This year a German court ruled that tax evaders owing more than 1 million euros in taxes should automatically face prison time. The news comes at a time when Switzerland is unveiling much of their banks secrecy pertaining to German customers. The announcement has caused outright fear among wealthy German residents.
This is particularly true as non-declared taxes are taxed at twice the normal income rate which by itself, can be as high as 45% not including the solidarity tax, church tax, interest due on unpaid taxes, and other payable fees. Hence, if you are a German resident with a substantial (say a million euros as it is pretty much all taxable anyhow) unreported bank account in Switzerland it is a tricky situation indeed. The options seem to either self-report – and many have done so - and have the government take virtually all your funds or don’t report and have the government take the funds and likely imprison you as well.
It gets worse as the original account beneficiary might have died and left the funds to an “innocent” heir. Imagine having a rich father who left money in a Swiss bank account for you to which you (knowingly or not) have access. You might end up in prison because your father left too much money for you in an unreported bank account with your name on it. Sounds absurd but the ruling seems to leave little ambiguity, and Germans tend to follow rules exactly.
Yet the strangest thing is that all this only matters if you are a German tax resident. This is so because Germans, unlike Americans, are taxed on residency rather than citizenship. So many of these taxes and prison sentences only apply if you actually live in Germany as your primary residence or gain your income from German sources. You can easily, and completely legally, opt out of this system by moving somewhere else.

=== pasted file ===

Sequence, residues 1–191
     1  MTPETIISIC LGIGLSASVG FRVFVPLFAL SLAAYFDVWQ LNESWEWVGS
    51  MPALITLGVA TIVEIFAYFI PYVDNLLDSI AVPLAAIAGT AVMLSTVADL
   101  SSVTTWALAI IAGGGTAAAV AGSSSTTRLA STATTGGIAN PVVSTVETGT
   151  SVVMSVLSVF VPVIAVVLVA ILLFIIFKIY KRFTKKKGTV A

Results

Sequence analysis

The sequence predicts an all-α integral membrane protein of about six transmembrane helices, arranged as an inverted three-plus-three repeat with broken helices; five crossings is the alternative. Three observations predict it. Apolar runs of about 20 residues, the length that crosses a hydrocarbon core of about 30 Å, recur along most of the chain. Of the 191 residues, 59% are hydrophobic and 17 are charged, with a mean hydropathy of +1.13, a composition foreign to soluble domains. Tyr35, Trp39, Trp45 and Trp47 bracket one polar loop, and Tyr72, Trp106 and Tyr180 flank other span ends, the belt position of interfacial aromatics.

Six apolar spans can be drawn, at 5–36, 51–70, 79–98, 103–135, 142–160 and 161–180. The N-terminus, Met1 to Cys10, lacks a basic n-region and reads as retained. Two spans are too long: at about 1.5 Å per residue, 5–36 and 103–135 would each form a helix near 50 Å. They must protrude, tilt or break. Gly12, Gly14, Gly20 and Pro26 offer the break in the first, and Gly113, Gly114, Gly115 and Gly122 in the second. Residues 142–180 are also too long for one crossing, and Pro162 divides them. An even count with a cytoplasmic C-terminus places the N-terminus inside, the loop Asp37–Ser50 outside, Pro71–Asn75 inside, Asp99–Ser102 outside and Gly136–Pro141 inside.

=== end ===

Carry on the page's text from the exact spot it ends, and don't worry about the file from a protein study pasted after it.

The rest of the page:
Leaving a country like Germany – or Italy – can make a lot of economic sense and give you a real sense of liberty if you are industrious, rich or if a parent happened to leave a bunch of money in some unreported foreign bank account. It is little wonder that so many Germans are leaving the country each year and that so few choose to return and stay for any length of time in Germany once they have worked in a less punishing environment.
It is a sad reality that both work (with over 80% real taxation between employer and employee) and savings (25% tax) have become highly penalized activities and few people can accumulate their own meaningful savings for old age. The situation is even worse in countries like France or Italy as the vicious cycle of ever higher taxes and regulations are driving out more and more entrepreneurs and businesses along with jobs and wealth.
This is in stark contrast to countries like Singapore where a self-reinforcing virtuous cycle of low taxes leads to savings, leading to investments and more jobs and it is all based on making work rewarding rather than encouraging idleness.
If you are industrious and cannot get ahead in your home country, look beyond your country’ borders as the grass really is much greener somewhere else, sometimes.
by Gregor Gregersen